Dog Cruciate Ligament Injury
Cruciate Ligament injuries are one of the most common of all injuries treated at hydrotherapy centres around the UK and if your dog is limping, there is every chance your dog has this condition.
So what is the Cranial cruciate Ligament?
The cranial cruciate ligament (CCL) is an important ligament inside the knee (stifle) joints of dogs.
The cranial cruciate ligament (CCL) in dogs is the same as the “anterior” cruciate ligament (ACL) in humans. It is a band of tough fibrous tissue that attaches the thigh bone to the shin bone, preventing the tibia from shifting forward relative to the femur. It also helps to prevent the stifle or knee joint from over-extending or rotating.
What is the cause of Cruciate Injury In Dogs?
In a large percentage of dogs, the cranial cruciate ligament (CrCL) ruptures as a result of long-term degeneration, where the fibres within the ligament weaken over time.
It is not known the precise cause of this, but genetic factors do play a role, with certain breeds being predisposed (including Labradors, Rottweilers, Boxers, West Highland White Terriers and Newfoundlands).
Other factors such as obesity, individual conformation, hormonal imbalance and certain inflammatory conditions of the joint may also play a role.
But your dog may tear or rupture this ligament due to sudden Trauma when simply running or jumping.
What are the signs my dog has CCL Disease?
Limping is the most common sign of CrCL injury. This may appear suddenly during or after exercise in some dogs, or it may be progressive and intermittent in others.
In a number of dogs that are simultaneously affected in both knees, and these dogs often find it difficult to rise from a prone position and have a very strange walking pattern (Gait).
Reluctance to exercise
Hind leg extended when sitting
Pain when Stifle (Knee) is touched
Stiffness after exercise
Decreased range of motion
How are cranial Cruciate Ligament Injuries Doagnosed ?
Diagnosis in dogs with complete rupture of the CrCL is usually based on examination by your Veterinary Surgeon, with demonstration of movement of the joint by specific manipulations of the knee. In dogs that have only partial tears or early stages of degeneration of the ligament, other tests may be necessary, which may include Xrays or MRI scans.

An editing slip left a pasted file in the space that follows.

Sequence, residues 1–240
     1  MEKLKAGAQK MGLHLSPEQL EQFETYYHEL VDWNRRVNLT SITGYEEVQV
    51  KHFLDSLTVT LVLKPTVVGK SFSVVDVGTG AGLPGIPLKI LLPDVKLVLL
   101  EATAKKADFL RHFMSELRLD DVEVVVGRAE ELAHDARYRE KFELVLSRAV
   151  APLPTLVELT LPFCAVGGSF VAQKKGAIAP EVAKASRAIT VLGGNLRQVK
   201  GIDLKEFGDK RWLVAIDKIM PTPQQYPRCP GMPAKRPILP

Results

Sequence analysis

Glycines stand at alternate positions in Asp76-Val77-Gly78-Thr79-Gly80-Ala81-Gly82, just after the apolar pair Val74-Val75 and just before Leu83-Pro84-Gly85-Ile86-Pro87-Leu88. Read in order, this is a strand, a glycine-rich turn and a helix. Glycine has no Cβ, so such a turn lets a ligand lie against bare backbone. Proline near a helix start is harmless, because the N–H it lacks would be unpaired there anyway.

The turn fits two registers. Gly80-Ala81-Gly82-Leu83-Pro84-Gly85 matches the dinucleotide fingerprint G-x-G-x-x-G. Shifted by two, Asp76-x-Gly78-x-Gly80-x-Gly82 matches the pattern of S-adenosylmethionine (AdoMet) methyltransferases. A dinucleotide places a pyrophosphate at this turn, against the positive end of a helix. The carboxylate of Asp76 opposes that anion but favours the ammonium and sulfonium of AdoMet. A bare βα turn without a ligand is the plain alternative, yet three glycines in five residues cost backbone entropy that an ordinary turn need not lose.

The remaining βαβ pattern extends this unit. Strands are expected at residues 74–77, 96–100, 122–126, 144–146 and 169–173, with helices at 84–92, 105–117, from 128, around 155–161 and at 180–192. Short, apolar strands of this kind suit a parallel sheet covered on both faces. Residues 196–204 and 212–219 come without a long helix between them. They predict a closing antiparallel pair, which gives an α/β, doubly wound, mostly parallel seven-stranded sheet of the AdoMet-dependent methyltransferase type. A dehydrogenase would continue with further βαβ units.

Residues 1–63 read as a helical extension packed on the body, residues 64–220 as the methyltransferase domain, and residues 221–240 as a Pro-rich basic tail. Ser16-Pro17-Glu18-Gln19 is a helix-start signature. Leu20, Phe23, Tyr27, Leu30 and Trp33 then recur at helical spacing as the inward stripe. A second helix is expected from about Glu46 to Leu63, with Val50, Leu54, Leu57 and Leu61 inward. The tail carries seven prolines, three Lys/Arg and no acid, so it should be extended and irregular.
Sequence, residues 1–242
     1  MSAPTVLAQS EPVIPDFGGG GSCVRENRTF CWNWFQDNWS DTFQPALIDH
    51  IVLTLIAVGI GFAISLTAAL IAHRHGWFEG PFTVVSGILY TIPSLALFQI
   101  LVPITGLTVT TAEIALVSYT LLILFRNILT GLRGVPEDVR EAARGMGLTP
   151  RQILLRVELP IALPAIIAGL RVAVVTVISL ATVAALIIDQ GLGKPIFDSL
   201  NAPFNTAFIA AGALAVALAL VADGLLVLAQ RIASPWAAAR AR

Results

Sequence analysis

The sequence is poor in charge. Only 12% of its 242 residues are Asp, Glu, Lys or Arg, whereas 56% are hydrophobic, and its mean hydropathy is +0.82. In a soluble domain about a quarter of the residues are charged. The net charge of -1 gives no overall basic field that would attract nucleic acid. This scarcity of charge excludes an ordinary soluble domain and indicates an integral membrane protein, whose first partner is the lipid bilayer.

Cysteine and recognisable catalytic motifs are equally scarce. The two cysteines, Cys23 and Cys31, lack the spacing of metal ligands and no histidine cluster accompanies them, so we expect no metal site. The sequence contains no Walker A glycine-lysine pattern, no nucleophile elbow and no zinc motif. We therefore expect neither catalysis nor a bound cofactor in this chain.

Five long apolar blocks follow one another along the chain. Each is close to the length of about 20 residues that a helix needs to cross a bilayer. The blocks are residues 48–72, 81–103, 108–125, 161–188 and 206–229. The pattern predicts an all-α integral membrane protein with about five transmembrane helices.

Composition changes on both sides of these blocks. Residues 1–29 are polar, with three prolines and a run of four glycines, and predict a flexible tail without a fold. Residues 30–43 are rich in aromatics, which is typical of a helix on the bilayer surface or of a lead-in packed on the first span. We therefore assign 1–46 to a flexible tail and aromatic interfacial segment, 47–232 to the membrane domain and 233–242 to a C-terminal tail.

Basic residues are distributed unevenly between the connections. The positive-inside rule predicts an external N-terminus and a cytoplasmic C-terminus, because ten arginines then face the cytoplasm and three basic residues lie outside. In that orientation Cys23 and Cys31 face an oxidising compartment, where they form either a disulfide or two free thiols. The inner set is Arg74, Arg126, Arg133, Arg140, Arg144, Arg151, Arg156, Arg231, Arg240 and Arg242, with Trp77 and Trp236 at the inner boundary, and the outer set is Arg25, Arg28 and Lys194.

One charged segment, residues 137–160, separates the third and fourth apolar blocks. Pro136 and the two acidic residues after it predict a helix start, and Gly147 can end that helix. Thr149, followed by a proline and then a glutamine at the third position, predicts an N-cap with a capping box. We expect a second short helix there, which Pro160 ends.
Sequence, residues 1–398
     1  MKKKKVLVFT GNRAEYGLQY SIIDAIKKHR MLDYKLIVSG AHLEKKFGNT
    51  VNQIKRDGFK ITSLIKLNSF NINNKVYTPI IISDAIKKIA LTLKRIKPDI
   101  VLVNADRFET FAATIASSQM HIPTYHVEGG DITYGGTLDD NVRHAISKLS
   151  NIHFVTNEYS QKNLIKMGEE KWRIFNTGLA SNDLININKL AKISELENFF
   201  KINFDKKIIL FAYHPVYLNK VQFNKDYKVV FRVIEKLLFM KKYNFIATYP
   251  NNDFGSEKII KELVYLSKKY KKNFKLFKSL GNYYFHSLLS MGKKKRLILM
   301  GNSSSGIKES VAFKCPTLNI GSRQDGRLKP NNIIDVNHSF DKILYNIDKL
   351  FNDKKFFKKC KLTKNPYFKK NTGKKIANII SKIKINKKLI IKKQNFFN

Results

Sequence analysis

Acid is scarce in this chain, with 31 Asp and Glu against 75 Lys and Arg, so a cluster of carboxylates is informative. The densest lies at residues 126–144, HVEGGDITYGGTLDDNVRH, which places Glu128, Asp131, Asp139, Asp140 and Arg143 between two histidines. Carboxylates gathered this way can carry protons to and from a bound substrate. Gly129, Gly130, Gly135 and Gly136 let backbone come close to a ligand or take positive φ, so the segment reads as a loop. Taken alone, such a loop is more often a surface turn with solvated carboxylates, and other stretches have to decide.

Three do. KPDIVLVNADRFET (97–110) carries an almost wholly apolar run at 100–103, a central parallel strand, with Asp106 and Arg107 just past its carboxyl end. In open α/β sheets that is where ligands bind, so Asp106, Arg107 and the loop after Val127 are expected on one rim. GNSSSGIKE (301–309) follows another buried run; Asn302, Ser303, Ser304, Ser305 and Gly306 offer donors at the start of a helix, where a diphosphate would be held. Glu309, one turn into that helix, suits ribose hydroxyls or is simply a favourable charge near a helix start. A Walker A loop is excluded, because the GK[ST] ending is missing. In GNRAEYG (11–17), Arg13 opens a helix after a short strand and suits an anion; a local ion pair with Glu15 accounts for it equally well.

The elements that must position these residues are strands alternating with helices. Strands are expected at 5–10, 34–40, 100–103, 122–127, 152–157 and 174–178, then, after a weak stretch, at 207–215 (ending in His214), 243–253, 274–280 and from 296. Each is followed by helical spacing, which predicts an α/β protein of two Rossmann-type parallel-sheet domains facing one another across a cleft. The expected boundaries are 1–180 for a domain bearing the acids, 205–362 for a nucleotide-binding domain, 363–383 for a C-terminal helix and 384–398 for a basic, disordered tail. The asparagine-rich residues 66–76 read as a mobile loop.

In most dogs, exploratory surgery like arthroscopy (keyhole surgery) is used to confirm the diagnosis and to investigate for possible cartilage tears or other problems.
How is a Cruciate Injury Treated
There are really only 2 options when it comes to Cruciate Injuries:
Non Surgical management
For more information on the various surgical procedures, please read our Cruciate Injury Blog
So how can Fit4dogs help?
At our state of the art Canine Rehabilitation centre in Beverley, East Riding of Yorkshire, we have everything your dog needs to provide a Cruciate injury non surgical management plan, or rehabilitation programme after a surgical procedure, which may include, regular Hydrotherapy sessions, Cold Laser Therapy, Physiotherapy, Acupuncture and Bio magnetic therapy.
With our range of dog joint supplements, advice on joint support and our experienced team, we have everything your dog needs to live a full life.
Make sure you don't let your dog suffer unnecessarily and contact us today for help and advice if you think your dog may have signs and symptoms of Cruciate Ligament Disease.
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The staff at Fit4Dogs are friendly and knowledgeable. My dog has been going for over a year to manage arthritis, after being diagnosed with it just before his third birthday. A combination of hydrotherapy, and exercises provided by the Fit4dogs team have kept my dog pain free. Excellent place, would highly recommend, and my dog loves going there!
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